Have you ever said: “All this stress is giving me a headache”, or maybe your chronic back pain is worse when you find yourself in an emotionally difficult place. What used to be met with skepticism and mockery, has now been validated by modern research – that there is indeed a connection between emotions and pain – particularly chronic pain!
According to palliative medicine physician David Buxton, MD, people with depression have about three times the risk of those without it of developing chronic pain. And in turn, those with chronic pain are about three times more likely to develop clinical depression. Multiple studies of osteoarthritis, rheumatoid arthritis, autoimmune disease and fibromyalgia show that people who have more negative emotions, also experience more pain.
The following are some of the common locations of stressed referral pain:
- Low Back
Let’s look at how emotions play a role in pain perception: There are multiple pathways through which pain signals get to the brain where they are registered. Those areas that receive pain related signals from the body are also involved in other functions, such as the regulation of blood pressure or creating strong emotional responses. Others help us learn what to do or not to do in the future – to avoid pain.
Pain is a very personal experience. We all know the expression of having a high or low pain threshold. It is true that the way people interpret and deal with their emotions influences the patterns in the brain. For example, our level of fear of pain and how we think about pain affects how our brain learns to deal with it over time.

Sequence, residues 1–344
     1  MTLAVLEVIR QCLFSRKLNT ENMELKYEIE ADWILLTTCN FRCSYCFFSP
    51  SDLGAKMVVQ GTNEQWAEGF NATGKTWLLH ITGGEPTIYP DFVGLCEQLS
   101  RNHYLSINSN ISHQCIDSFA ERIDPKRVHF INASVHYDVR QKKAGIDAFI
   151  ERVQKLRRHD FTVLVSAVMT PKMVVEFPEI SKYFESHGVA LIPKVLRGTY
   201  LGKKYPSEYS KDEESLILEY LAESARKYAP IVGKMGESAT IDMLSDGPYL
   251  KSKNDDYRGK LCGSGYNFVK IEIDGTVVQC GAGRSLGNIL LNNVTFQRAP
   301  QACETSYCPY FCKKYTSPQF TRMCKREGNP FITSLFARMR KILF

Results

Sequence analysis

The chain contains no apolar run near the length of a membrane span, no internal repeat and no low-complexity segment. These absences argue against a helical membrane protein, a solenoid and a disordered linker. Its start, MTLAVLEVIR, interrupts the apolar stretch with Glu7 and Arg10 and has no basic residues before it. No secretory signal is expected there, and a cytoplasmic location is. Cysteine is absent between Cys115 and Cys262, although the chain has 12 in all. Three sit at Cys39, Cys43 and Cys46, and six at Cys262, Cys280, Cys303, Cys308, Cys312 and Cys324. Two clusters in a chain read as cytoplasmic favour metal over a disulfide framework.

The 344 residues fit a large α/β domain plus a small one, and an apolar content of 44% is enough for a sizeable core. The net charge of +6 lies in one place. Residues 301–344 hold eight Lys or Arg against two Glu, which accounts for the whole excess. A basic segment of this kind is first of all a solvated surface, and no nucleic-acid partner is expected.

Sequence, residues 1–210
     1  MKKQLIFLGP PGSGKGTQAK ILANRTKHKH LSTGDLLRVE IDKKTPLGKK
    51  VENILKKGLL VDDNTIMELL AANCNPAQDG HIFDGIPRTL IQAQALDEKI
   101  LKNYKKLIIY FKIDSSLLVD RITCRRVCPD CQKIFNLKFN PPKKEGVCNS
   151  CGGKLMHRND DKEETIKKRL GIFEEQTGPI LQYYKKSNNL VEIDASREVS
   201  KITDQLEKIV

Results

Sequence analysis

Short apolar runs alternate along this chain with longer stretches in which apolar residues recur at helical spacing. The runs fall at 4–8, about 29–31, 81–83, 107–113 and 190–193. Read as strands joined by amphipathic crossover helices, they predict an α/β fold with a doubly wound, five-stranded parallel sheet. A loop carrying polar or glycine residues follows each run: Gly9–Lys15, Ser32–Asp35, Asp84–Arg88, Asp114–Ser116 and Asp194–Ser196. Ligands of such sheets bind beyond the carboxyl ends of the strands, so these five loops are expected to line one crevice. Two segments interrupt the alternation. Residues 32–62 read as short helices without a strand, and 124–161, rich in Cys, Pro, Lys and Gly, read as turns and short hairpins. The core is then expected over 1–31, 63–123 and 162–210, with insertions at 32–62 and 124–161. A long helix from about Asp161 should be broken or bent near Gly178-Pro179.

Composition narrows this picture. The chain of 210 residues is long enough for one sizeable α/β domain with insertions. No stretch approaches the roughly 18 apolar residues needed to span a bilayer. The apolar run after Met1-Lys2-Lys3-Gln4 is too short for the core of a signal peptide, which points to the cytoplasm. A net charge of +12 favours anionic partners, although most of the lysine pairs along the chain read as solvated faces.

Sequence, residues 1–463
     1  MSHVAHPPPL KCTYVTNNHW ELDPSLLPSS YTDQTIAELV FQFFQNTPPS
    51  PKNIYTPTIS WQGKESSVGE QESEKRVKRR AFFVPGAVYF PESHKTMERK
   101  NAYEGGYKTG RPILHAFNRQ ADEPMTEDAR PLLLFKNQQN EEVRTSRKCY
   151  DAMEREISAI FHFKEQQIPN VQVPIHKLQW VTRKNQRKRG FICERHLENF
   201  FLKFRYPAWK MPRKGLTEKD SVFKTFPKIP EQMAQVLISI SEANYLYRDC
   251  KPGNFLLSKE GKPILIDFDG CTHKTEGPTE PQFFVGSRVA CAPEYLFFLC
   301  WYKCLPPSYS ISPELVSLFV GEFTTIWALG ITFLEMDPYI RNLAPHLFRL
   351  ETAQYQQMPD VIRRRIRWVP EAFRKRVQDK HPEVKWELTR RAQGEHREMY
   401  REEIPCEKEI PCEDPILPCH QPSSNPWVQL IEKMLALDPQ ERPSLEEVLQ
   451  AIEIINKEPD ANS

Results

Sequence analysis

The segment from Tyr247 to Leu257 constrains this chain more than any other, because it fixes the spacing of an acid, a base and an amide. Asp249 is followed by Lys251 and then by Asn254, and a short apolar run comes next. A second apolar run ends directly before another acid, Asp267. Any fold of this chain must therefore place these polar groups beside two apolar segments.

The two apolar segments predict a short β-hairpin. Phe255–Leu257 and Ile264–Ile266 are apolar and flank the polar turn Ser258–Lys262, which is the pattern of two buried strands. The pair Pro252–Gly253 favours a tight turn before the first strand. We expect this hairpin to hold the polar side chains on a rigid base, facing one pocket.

Dr. Buxton, director of the private Center for Palliative Psychiatry in Richmond, Virginia, explains that our brains are very “plastic” and respond to retraining, redirection and reframing which can help break down painful mental patterns.
There are many ways for retraining your brain, such as Meditation, yoga, tai chi and of course acupuncture.
Acupuncture, in particular, has a two-fold affect on pain and pain perception. It relieves pain by releasing endorphins which are the body’s pain killing chemicals. (endorphin = endogenous, meaning internal, morphine) Secondly, it targets the part of the brain that governs serotonin, a brain chemical regulating mood and emotions.
When we are experiencing pain, or our pain worsens, we often don’t make a connection between what goes on in our body and how we feel.
Don’t minimize the effect of daily stressors and even past trauma on the manifestation of pain, but look at it from a different perspective and choose a holistic approach of treatment that may provide pain relief and overall emotional health and wellbeing.